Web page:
The following Examples VI - IX show the effect of varying NiO content, and the ratio of coprecipitated Al2 O3 to NiO on stability at different methanation temperatures.

EXAMPLE VI

A coprecipitated nickel-alumina catalyst was prepared by the urea hydrolysis method as follows:

A solution was prepared by dissolving 244 grams of Ni(NO3)2.6H2 O and 1350 grams of Al(NO3)3.9H2 O in 3000 ml of water. To this solution was added 375 grams of crystalline urea and the mixture was heated to about 60° C. Then it was placed in a preheated oven at 90°-95° C and held at this temperature level until the pH reached 6.4. The resulting gel was dried and then washed with 3 one-liter batches of water and redried. The product was ground to pass a 100-mesh screen and mulled with enough peptized alumina gel to add 20% of additional Al2 O3 to the composite (anhydrous basis). The paste was then extruded through a 1/16 in. die, dried, and calcined at 900° F for 2 hours. The finished catalyst contained 20.8% NiO and had a total surface area of 201 m2 /g. The catalyst was tested as 1/16 in. extrudate as described in Example IX.

EXAMPLE VII

A semi-commercial batch of a nickel-alumina coprecipitate was prepared essentially as described in Example VI but with a nominal composition of 60% NiO. 40% Al2 O3. A 158 gram sample of this preparation (100 g. of 60NiO.40Al2 O3 anydrous) was pulverized to a fine powder and mixed with 268 grams of alumina hydrate (200 g. anyhydrous Al2 O3). This was pelleted with 2% graphite into 3/16 inch × 3/16 in. tablets and calcined at 900° F for 1 hour. The finished catalyst had a total surface area of 228 m2 /g and a NiO content of 20.0%. The catalyst was granulated to pass through a 12-mesh screen and retained on a 14-mesh screen (U.S. Sieve) for testing.

EXAMPLE VIII

Another sample of the 60% NiO. 40% Al2 O3 coprecipitate from Example VII was pulverized and admixed with only sufficient alumina hydrate to provide a total of 52% Al2 O3 in the finished catalyst (20% added Al2 O3). The resulting product was worked up and granulated as in Example VII. It contained 48 wt.% NiO.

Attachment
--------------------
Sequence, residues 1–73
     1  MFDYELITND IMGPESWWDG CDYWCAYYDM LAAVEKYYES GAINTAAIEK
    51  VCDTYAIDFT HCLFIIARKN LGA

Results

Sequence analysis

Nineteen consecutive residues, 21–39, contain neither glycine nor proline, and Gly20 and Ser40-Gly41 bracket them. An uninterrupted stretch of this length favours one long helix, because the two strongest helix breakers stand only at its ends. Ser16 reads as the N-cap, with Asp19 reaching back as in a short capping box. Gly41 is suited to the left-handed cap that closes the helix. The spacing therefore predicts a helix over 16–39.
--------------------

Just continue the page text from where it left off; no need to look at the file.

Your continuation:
EXAMPLE IX

The catalysts of Examples VI-VIII were tested by two procedures, one the standard test described in Example IV and the other a high temperature test. The test conditions were as follows:

              Table 2______________________________________           Standard                  High TemperatureGHSV, volume/volume cat.             10,000   10,000Pressure, psig    300      300Inlet Temp., ° F             900      1300Peak Temp., ° F             1165     1424Feed Gas Composition, Mol %CO                7.9      22.5H2           30.9     22.5CO2          7.9      0.0CH4          9.6      0.0H2 O         43.7     55.0______________________________________

The results of the tests were as follows:

                                  Table 3__________________________________________________________________________Wt. %      Parts Coppt'd               Deactivation Rate, Days/Inch__________________________________________________________________________Catalyst NiO  Al2 O3 /part NiO               900° F Inlet                       1300° F Inlet__________________________________________________________________________Ex. VI 20.8 2.85     8.7     400Ex. VII 20   0.66     8.0     42Ex. VIII 48   0.66     124     64__________________________________________________________________________